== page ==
Assign Devil's Advocate
Include Outside Experts
Assign 'Critical Evaluators'
Unbiased (non-advocating) leader
CMC & Groupthink?
Impartial Leader; Methodical Decision Procedures
Some Refinements to Janis
Shafer and Crichlow: 39 Cases (U.S., British, Israeli)
Janis
Problem? What Problem?
Key: Reduce Interpersonal Conflict
Problem: Excessive Conflict
Groups Can Be Made More Effective
Groups: The Old School
Thus: Individual Mistakes and Irrationalities will be Checked (will 'wash out') by Groups and Institutions
County Fair and Bull Weight Guessing
Argument: Collectively We Will be Pretty Accurate
Problem: Not Same Irrationalities Across Several Actors
Yes, Individual Irrationality is Real
The Aggregation Issue
But Choices are Almost Opposite!
Expected Values are Identical
Illustration
Central Propositions
Framing
Strange Human Minds!
CMC?
Khrushchev sees as a 'Gain'
JFK sees as a 'Loss'
Gets Missiles Closer
Scores points in Cold War
Changed the Status Quo
Lose Face as Leader
Risk Averse in Domain of Gains
Backed Down
Risk Prone in Domain of Losses
Escalated to Blockade
One of the Cases Examined by Janis
Found Groupthink was Avoided
JFK Absented Self from some Meetings
Encouraged Multiple Points of View
Included 'Outside' Experts
Built from two rational actors interacting
Two 'players' -- each with two options
Many Applications in IR
Pollution; arms races; etc.
e.g. Don't Build Weapons; Don't Pollute
e.g. Build Weapons; Pollute
e.g. Don't Build Weapons; Don't Pollute
e.g. Build Weapons; Pollute
That is, Punish Defectors
Consequences
What's the biggest threat to International Security?
What's the Biggest Threat to Security?
Rising China?
Global Terrorism?
War?
Etc.?
(that 'Prospect Theory' stuff)
Allison's Alternative Models
Individuals and Groups
Rationality & Alternatives
Both Don't build/pollute
Both build/pollute
One does, one doesn't
One does, one doesn't
Easier Domestically than Internationally
Review
Allison's Models
Rational Actor Problematic
Different Lenses Reveal Different Features
Prospect Theory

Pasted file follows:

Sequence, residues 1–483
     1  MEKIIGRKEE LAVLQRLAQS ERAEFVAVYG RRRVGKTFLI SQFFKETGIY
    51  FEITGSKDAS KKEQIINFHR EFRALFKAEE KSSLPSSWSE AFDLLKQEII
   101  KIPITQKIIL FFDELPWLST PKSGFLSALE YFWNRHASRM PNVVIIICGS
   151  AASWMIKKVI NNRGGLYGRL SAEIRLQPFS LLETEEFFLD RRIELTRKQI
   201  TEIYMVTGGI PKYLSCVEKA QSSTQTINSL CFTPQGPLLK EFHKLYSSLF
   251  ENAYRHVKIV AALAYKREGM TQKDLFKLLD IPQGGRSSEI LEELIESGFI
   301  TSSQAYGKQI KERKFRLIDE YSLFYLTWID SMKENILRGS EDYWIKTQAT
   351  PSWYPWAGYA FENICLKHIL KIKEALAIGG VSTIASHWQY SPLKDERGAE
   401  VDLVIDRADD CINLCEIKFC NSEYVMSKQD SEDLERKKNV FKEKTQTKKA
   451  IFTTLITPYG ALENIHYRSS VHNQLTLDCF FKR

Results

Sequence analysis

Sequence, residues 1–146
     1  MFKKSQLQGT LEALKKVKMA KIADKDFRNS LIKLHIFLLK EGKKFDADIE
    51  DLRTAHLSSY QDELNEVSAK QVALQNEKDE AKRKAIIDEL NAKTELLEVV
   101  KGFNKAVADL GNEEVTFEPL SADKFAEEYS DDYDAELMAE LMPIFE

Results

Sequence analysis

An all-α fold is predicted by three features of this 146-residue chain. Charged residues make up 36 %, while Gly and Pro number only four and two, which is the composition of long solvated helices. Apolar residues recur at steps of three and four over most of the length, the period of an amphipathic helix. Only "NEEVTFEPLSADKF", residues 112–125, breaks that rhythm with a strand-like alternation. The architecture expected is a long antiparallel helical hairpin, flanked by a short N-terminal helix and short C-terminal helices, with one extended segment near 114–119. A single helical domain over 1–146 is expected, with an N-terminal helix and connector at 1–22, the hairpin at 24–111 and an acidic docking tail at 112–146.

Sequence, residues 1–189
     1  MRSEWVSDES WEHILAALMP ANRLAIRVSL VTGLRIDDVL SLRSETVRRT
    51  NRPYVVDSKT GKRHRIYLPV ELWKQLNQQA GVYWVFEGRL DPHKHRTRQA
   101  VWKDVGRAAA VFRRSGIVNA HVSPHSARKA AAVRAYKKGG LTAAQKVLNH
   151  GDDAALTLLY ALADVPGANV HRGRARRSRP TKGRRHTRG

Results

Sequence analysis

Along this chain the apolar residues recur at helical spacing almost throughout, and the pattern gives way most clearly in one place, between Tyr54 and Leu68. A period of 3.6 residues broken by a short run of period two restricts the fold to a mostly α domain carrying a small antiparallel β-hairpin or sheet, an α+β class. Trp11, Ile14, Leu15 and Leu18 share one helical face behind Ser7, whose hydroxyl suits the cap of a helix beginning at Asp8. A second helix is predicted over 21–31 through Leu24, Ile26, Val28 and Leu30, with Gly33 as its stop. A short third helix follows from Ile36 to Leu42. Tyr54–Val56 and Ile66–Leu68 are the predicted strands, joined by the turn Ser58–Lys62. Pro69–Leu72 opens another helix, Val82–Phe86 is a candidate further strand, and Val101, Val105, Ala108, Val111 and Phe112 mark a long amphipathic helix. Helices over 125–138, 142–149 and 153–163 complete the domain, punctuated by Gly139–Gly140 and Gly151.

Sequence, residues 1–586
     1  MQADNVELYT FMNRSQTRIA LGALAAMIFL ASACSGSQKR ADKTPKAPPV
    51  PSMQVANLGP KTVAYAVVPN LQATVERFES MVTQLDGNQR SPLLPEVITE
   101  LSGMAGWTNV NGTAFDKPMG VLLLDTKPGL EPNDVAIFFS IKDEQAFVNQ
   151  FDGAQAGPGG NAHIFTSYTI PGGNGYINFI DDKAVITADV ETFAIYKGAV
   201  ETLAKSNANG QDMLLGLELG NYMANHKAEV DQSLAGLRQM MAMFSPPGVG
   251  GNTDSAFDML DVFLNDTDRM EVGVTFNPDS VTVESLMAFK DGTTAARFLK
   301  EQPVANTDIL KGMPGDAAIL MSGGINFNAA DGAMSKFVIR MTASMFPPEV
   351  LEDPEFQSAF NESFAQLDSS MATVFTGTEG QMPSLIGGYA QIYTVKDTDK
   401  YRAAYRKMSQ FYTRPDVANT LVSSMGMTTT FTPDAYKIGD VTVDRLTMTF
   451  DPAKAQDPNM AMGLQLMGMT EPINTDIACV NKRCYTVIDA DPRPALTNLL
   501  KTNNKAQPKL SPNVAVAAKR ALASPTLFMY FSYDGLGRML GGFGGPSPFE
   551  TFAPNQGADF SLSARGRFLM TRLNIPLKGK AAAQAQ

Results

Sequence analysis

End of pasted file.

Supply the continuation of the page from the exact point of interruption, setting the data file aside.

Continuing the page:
Systematic 'Biases' Challenge Rationality
Groupthink
Groups won't necessarily eliminate 'errors' or 'biases'
Groups can make Systematic Mistakes too
Rationality a Powerful Assumption
Helps Explain Structures & Problems
Decision Making 'Mistakes' Matter
Helps Explain some Bad Choices
It's just a model (not 'right' or 'true')
Different Models (Allison's; Prospect Theory; Groupthink; etc.)
That Violates Rationality!
Groups Have Problems?
Allison Shows Organisational Problems
Systematic Problems in Small Groups?
Organisational Process
Bureaucratic Politics
Group 'Irrationality'?
Etc.
'Split' or 'Steal'
e.g. Both say they won't build nukes, but then one does
The outcome depends on BOTH choices
(What the hell is wrong with Mary!?)
(player 1 payoffs shown)
(player 2 payoffs shown)
So Anarchy & Rationality Result in Security Threats
Every card has a letter on one side and a number on the other
'A rose by any other name would smell as sweet'
It's the underlying 'utility' or 'value', not the label
'Asset Level' means 'how much you have'
=
1/3 Chance All 600 Saved & 2/3 Chance Nobody Saved
Phew! Nuclear War Irrationally Averted!
If so, the individual irrationality may not 'wash out'
Player 1
Player 2
Etc.
Both Don't build/pollute
Both build/pollute
One does, one doesn't
One does, one doesn't
Every card has a letter on one side and a number on the other
Lots of Applications
CO2 Emissions
Building Nuclear Weapons
Athletes Using Performance Enhancing Drugs
Overfishing
Advertising Budgets
But we over-rate change: Worst Predictors get on TV!
Which Seems to be a better explanation to You?
Full transcript